Was the Science Careers website right to pull That Advice? Morag says yes. (Jane says no).
Yesterday (June 1st) the Science careers website had a blink-and-you-missed it advice column that caused a wee bit of a stooshie over some rather controversial advice given by Dr Alice Huang, noted virologist. The column was quickly removed by the website, but because Nothing Ever Truly Dies on the Internet, let’s talk about it anyway.
So basically this woman is all “My supervisor keeps trying to look down my shirt.” Her pseudonym is ‘Bothered’, so let’s assume this is bothering her.
My completely 100% fair and unbiased summary of the response, in short, easy-to-digest chunks:
- Imagine what life would be like without people you fancy in the world. IMAGINE. NOBODY YOU FANCY. This is a relevant observation for reasons that… well, if you don’t know then I can’t help you.
- Fun anecdote: I had a friend who was reduced to a state of lust-induced catatonia by a nice straight nylon seam, poor boy.
- Sexual harassment law is for proper stuff like assaults and threats and grades-for-sex, so…
- Though I guess if you were really bothered by it that would count. Are you really bothered by it? Like I know you signed this letter ‘Bothered’, but really? REALLY?
- Basically, you need this guy to get through your PhD, so do you actually want to rock the boat on this? Thought not. Run along, there’s a good girl. Jesus, kids these days…
Yeh, it’s not a good letter.
The fact is, many women have had their moments where they’ve been leered at a bit, whether consciously or unconsciously on the part of the leer…er, and have decided it wasn’t a big deal and just ignored it and moved on. This girl was troubled enough to write for advice about it. Once you’re that bothered, we are out of the ‘just ignore it’ territory.
So far, so predictable humourless feminist harpy response, and to be honest I could end this article here, but I want to make a tangential point that I think is relevant here so don’t leave yet HEY SIT DOWN I SAID.
A few of the folk have talked about the fact that this woman is probably a million years old, grew up in a different era and is being called upon to give advice to today’s aspiring young women, and basically I think the take-home lesson here is pretty simple:
Women: Do not listen to your elders.
Not about this sort of stuff, anyway. I’ve run into this before, where I was at a ‘Women In Science’ panel discussion where the panellists – all older women revered in their field and all folk who I think are totally amazing by the way – talked about how they’d had no trouble really, they just worked with great men who didn’t care, they just didn’t give up, they just did their thing and ‘everything just went right for them’ (one properly famous Woman In Science actually said this).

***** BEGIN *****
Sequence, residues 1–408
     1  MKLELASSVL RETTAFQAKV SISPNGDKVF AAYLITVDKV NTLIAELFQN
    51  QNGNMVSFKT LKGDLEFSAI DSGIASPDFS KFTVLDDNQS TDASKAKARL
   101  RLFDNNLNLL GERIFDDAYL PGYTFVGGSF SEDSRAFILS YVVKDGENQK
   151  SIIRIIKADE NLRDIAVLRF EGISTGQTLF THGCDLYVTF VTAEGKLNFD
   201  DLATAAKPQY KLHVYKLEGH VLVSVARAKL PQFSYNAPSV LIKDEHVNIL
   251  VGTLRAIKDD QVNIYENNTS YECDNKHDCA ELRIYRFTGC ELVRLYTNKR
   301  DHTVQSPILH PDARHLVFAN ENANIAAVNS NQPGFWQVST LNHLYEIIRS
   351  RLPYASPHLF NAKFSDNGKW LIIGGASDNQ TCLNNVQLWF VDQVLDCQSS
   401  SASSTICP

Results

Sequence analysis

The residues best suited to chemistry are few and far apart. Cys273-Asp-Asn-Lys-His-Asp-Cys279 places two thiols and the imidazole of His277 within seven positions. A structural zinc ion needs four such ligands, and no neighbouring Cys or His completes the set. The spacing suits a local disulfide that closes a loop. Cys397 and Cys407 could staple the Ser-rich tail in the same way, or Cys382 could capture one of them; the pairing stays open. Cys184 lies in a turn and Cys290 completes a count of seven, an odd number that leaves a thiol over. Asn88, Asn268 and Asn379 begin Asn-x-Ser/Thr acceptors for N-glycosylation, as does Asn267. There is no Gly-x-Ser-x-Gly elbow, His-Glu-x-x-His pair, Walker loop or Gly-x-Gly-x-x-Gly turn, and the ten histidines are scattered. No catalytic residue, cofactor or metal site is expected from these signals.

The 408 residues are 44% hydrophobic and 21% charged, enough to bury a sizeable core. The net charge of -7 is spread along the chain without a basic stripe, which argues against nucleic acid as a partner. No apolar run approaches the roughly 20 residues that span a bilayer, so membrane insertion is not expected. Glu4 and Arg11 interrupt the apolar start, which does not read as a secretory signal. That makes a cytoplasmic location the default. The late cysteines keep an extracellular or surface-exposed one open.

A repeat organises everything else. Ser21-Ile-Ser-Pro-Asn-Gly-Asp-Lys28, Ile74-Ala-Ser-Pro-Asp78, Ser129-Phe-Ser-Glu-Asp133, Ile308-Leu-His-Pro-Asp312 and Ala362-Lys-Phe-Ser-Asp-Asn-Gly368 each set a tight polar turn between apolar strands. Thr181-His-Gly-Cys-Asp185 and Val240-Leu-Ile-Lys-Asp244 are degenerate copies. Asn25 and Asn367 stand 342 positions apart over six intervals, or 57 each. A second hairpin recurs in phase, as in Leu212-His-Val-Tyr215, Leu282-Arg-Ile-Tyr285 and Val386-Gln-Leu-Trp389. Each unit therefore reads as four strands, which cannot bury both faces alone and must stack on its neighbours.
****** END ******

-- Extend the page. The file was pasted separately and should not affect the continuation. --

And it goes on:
Another prominent female scientist of my wider acquaintance was heard to say that: “it’s easy to balance work and home as a woman in science: you just make sure you find a man who’ll do the childcare.” Simples (particularly for us lezzers).
Most of these women, these awesome, remarkable, scary women, are not going to tell you anything useful about being a Woman In STEM unless you are already one of the types who are ‘robust’ enough to succeed anyway. All they can tell you is: “Be a ballbreaker.” What if you’re not a ballbreaker? All they can tell you is: “Be lucky.” What if you’re not lucky? All they can tell you is: “Ignore him, and make sure he’s paying attention to your work.” What if you can’t ignore him? What if you’re not sure whether he’s paying attention to your work or has been reduced to a quivering wreck by your décolletage, and are too intimidated to ask?
In short: What if you’re just a smart, dedicated, hardworking scientist or techy who wants to get on with her job, not blaze an Amazonian trail leaving the corpses of lesser warriors strewn in your wake? Sure, STEM is competitive, but if you’ve worked in the field for any length of time you’ll know that there’s no shortage of guys who can barely string a coherent sentence together without collapsing in a nervous mess who are nevertheless powerful and respected on the merit of their work, and yet the women have to be fucking Xena crossed with Hillary Clinton crossed with Mother Theresa just to get by? How is that fair?
Okay that was a rhetorical question; clearly it’s not fair, but what’s worse is your Matriarchs of STEM have nothing useful to tell you about how to get by as one of these non-Valkyrie women, because they’re all Valkyries. Very few of the shy ones who didn’t enjoy being ogled made it, and the ones who did are all hiding, not appearing on panels or writing advice columns.
This actually goes for younger women who say that same stuff too. Like, no one would dare ogle me but if they did I wouldn’t care, but my response to women who are not like me is not “Be more like me. Cease to care. Just… don’t be bothered.” If not being bothered just isn’t an option then what? A career in science isn’t for her because she can’t ignore a dude looking at her boobs to the point where it perturbs her?
So basically, this is shitty advice, withdrawing the article was totally the right thing to do on the part of the Science Careers website, and these women need to learn that just because they had to be terrifying and indomitable and immune to creepers as well as brilliant to get by in STEM doesn’t mean the next generation should have to be the same. Wouldn’t it be nice if we could just be brilliant?
And y’know, not have to put up with some dude staring down our top to get Science done?
Addendum, 03/06/2015: It’s been dawn to my attention that this phenomenon is actually an example of survival bias. I was aware that what I was describing was a type of selection bias, but it (stupidly!) didn’t occur to me that it was actually its own subtype. YAY LEARNING!